This is next part of Douglas Okasaki's column exclusively for www.newspaperdesign.ning.com
By Douglas Okasaki
Senior information graphic specialist
Don’t rest on your laurels Malofiejunderscores during its 20th Malofiej International Infogaphics Awards. Malofiej urges the design community to continue thinking of creative ways to improve their work and join in design competitions. But the question is why should we participate? Of course it is not only to boost designers and journalists’ ego or confidence, but also to motivate and develop ourselves especially in the visual design category.
If there were no competitions or recognitions, the design profession simply goes unnoticed and not so challenging. To receive an award is an incentive for designers to excel and push one another. All design competitions serve as a moral booster to the design industry.
Who did that page? Who did that design or redesign? Who did that illustration? Who is the Art Director? Who made this infographic? From which country? The committees of design competitions raise these questions and the answers might point at you if you are the creator. It means you are the best and you deserve it because you did something different, creative and great.
It is quite easy to say, “We wereSNDworld's best and from now on we will not compete anymore; we don't need to prove anything for nobody.” It's a good excuse for the publication to stay away from the daily battle for the best story-telling design. But it is a big mistake because the competition is not to prove one thing, but to show, to present, and to share the best solution and layout for your publication. Thus, it is of paramount importance to continue taking up the challenge to ensure you maintain topnotch standard and be ahead of the rest.
Here are the 10 reasons to participate in design competitions
1) Design competition shows the trends, share solutions and alternative of solving problems and raise discussion and opinion about the specific design
2) Highlights professionals that are doing outstanding work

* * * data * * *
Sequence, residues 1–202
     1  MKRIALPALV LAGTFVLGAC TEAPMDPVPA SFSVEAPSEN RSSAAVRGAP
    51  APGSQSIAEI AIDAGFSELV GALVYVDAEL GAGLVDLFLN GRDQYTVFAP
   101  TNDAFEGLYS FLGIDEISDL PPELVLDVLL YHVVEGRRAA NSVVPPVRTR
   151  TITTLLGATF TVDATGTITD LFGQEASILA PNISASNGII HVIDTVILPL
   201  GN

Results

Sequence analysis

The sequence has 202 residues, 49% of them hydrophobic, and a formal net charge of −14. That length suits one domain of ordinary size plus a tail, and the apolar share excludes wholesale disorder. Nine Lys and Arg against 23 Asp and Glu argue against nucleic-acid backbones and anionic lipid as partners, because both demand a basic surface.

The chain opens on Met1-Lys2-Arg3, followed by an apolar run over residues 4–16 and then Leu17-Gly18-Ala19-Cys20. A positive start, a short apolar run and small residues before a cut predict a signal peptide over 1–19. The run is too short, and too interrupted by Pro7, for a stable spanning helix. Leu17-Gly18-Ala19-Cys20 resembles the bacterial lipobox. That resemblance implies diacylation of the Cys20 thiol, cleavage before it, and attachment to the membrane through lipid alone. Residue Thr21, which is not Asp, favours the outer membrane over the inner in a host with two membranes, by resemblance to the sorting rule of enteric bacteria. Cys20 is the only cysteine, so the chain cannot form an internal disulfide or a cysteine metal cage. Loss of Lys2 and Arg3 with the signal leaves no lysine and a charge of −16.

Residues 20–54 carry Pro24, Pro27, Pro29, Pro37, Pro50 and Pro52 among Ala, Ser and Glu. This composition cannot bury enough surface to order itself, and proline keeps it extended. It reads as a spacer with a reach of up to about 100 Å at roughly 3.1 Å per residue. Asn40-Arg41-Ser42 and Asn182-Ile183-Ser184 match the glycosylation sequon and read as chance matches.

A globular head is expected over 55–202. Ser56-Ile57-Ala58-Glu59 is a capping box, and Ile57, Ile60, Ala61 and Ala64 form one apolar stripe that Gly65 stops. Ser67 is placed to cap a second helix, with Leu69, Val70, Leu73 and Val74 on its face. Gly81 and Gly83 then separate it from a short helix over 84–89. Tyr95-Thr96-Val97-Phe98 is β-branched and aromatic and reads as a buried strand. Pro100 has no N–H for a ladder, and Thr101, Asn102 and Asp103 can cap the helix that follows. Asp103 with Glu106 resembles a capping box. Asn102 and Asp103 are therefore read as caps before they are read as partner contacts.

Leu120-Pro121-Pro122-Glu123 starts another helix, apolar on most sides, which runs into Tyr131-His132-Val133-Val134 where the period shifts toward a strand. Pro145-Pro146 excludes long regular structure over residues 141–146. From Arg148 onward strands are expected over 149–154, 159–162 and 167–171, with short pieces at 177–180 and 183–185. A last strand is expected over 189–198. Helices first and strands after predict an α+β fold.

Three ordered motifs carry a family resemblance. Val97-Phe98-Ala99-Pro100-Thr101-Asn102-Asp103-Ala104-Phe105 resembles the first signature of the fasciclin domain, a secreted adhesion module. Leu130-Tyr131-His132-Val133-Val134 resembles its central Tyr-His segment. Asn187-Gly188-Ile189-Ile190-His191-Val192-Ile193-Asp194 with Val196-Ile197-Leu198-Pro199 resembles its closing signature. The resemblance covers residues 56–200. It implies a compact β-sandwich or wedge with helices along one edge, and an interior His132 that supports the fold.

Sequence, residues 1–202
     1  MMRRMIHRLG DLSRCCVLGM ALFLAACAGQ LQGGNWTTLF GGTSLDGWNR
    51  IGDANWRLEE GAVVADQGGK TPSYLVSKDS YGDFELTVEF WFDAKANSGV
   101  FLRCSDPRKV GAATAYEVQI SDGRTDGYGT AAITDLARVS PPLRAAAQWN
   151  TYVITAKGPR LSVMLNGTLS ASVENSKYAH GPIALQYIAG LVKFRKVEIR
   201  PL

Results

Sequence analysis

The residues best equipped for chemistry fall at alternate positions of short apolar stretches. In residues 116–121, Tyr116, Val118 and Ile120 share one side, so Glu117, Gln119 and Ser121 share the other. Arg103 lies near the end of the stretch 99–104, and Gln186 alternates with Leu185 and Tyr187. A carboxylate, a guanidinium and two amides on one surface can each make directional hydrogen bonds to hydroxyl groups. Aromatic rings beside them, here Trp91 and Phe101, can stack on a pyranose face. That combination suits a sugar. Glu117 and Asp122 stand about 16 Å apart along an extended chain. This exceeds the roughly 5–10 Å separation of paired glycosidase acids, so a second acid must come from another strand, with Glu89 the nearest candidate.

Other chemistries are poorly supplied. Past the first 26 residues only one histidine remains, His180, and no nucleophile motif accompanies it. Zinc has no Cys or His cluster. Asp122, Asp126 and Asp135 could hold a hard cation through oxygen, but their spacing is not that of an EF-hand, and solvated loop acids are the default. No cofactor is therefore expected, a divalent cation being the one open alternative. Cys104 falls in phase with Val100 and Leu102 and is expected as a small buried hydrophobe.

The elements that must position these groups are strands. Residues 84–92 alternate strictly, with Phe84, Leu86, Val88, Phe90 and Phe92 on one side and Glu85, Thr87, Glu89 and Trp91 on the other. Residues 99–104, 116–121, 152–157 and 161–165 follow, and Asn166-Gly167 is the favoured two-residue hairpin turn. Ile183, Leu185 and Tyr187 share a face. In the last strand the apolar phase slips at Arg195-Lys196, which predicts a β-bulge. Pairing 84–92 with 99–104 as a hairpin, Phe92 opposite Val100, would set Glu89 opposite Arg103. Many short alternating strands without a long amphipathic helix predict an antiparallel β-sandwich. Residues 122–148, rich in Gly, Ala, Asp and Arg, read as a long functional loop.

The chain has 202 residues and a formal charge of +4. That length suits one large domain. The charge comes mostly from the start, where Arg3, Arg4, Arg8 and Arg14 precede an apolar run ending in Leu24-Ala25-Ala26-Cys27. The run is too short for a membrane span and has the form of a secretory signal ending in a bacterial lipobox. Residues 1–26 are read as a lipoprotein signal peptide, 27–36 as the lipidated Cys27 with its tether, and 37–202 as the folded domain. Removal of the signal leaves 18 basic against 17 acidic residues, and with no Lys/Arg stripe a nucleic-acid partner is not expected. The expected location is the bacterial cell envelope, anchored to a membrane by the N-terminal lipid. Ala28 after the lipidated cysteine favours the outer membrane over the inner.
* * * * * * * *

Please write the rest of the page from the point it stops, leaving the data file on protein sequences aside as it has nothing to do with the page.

3) To be an award winner publication is a very positive aspect for the publication’s marketing business
4) Your work/page will be recognized worldwide distributed in the book or online
5) Professional group will notice you that you did that award page and most likely can offer you a better job opportunity
6) Not only for designers but also for journalists, editors and reporters can be better visually-oriented and learn from the award winner designs and pages
7) Awards can make a big difference in your resume, and art directors appreciate and consider your portfolio when they are hiring a new designer
8) Awards can put you and your publication in the world map.
9) Motivates designers to improve and bring out the best in them
10) Can be an incentive to keep the design quality through the years
There are aplenty of international competitions that appraise design such as theIFRA, SND, SPD, Art Directors Club, Typography Club, Malofiej (Infographics). The best characteristic of Society for News Design Competition is the conversation between the participants and the judges on sharing different viewpoints. You can learn a lot from their perspectives and references that are published in its annual book.
Don’t forget that the main idea of competitions is not to prove how strong is your publication or how efficient is the art director, but to show and share the best creative solution for the page and story-telling to be well presented. Equally important is to recognize professionals work for the outstanding quality and solution for the specific work will create a positive work environment and get your creative juices flowing.
What’s more difficult than to win awards is to maintain the design quality through the years. This aspect is not only about personal designer’s strengths but the management (art and creative directors) is responsible for the motivation and encouraging their staff. Motivated staff is not only a design department issue, it can also be a company problem; there should be fair salary, good working environment, invest in people and so on. Trying to solve the issue by department-wise is a good start.
A good relationship between the management (art and creative directors) and designers (staff) is very important to win in design competitions. Strengths, motivations, dialogues and plans do not come from the designer’s head alone; the design department is like a team, each player has a responsibility to achieve only one goal. And what’s the goal? Whatever your design department wants … but it needs a direction that only you will know with open communication and dialogues between the designers team.
So don’t rest on your laurels! More than an advice; it can be a design department’s motto to remember to be at the top that we need to keep moving and improving …